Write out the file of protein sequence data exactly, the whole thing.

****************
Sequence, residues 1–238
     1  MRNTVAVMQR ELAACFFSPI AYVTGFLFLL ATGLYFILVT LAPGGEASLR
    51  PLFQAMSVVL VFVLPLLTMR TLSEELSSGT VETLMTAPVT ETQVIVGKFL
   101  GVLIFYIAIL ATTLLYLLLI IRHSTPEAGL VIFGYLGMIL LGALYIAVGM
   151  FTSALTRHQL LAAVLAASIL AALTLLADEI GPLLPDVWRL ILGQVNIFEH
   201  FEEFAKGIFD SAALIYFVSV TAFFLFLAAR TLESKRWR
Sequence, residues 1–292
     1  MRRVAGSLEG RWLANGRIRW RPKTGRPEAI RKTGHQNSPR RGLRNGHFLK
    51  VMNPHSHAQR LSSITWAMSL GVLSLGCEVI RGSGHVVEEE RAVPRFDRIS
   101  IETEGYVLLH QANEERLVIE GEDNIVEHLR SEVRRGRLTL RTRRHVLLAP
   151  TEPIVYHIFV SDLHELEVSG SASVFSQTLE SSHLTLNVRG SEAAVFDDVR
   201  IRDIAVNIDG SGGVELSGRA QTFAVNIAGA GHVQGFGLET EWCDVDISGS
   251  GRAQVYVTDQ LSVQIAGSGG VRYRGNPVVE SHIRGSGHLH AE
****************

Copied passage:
Sequence, residues 1–238
     1  MRNTVAVMQR ELAACFFSPI AYVTGFLFLL ATGLYFILVT LAPGGEASLR
    51  PLFQAMSVVL VFVLPLLTMR TLSEELSSGT VETLMTAPVT ETQVIVGKFL
   101  GVLIFYIAIL ATTLLYLLLI IRHSTPEAGL VIFGYLGMIL LGALYIAVGM
   151  FTSALTRHQL LAAVLAASIL AALTLLADEI GPLLPDVWRL ILGQVNIFEH
   201  FEEFAKGIFD SAALIYFVSV TAFFLFLAAR TLESKRWR
Sequence, residues 1–292
     1  MRRVAGSLEG RWLANGRIRW RPKTGRPEAI RKTGHQNSPR RGLRNGHFLK
    51  VMNPHSHAQR LSSITWAMSL GVLSLGCEVI RGSGHVVEEE RAVPRFDRIS
   101  IETEGYVLLH QANEERLVIE GEDNIVEHLR SEVRRGRLTL RTRRHVLLAP
   151  TEPIVYHIFV SDLHELEVSG SASVFSQTLE SSHLTLNVRG SEAAVFDDVR
   201  IRDIAVNIDG SGGVELSGRA QTFAVNIAGA GHVQGFGLET EWCDVDISGS
   251  GRAQVYVTDQ LSVQIAGSGG VRYRGNPVVE SHIRGSGHLH AE